The obligation on barristers to notify clients of their right to complain to the Legal Ombudsman is more a marketing opportunity than a burden, the Legal Services Board (LSB) has said.
Meanwhile, the LSB reaffirmed that its policy on providing complaints information at the time of engagement will stand, despite a number of concerns raised by the Bar Standards Board (BSB).
At a meeting with the LSB, the barristers’ regulator argued the new complaints requirements on all lawyers “misunderstand” the way the Bar operates. The BSB team – comprising board members Charles Hollander QC and Sarah Brown, plus head of quality Oliver Hanmer – stressed that barristers do not generally have direct relationships with clients and often do not meet them.
Practitioners have also argued that it would be strange if the first thing a barrister had to do when meeting a client in a police cell was to give them a copy of their complaints procedure
Reporting to the BSB board’s monthly meeting last night, the team said the LSB is holding firm on the principle of early notification. They said the LSB appreciates that the new requirements will sometimes be impractical, but insists it is in the consumer interest that information on complaints is given at the outset.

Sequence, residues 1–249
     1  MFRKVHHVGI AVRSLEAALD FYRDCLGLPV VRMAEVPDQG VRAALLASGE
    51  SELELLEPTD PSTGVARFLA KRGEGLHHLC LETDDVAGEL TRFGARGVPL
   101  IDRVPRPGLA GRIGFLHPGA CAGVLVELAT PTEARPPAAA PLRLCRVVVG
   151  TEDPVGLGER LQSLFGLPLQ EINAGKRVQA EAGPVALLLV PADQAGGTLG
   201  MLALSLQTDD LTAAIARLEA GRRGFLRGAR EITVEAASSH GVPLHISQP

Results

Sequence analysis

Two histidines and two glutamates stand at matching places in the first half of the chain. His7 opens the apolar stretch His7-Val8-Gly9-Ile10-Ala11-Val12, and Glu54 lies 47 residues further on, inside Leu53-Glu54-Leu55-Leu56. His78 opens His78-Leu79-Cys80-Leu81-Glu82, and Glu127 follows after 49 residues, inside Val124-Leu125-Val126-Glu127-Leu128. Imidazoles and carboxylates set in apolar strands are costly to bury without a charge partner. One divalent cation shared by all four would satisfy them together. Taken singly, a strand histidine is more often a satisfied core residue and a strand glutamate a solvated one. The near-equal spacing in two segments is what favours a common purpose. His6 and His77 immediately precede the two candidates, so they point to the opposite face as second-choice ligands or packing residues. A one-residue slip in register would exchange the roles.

Where the identity of a lay client is known, chambers should make every effort to provide information to them directly. Where details are not known, the instructing solicitor should be asked to pass it on, the LSB is reported to have said.
Properly handled, the task “can be turned into a marketing opportunity”, the BSB was told. A leaflet containing the complaints information could also market the skills and experience of the barrister, who should be able “to hand them out to clients without embarrassment”, the report said. It added that the LSB provided an example of such a leaflet to prove its point.
The BSB has adopted the idea and will draft a template for client information leaflets of its own and present it, along with revised guidance on complaints, to next month’s board meeting.
Describing the LSB’s proposals overall, the BSB said they go little further than existing chambers complaints requirements, which have never generated any concerns “and with which we assume chambers are already complying”. As long as the BSB monitor chambers to ensure they have systems to comply with the complaints requirements in good faith, the LSB recognises “that in particular specific cases there will be circumstances where compliance is impractical”, it reported.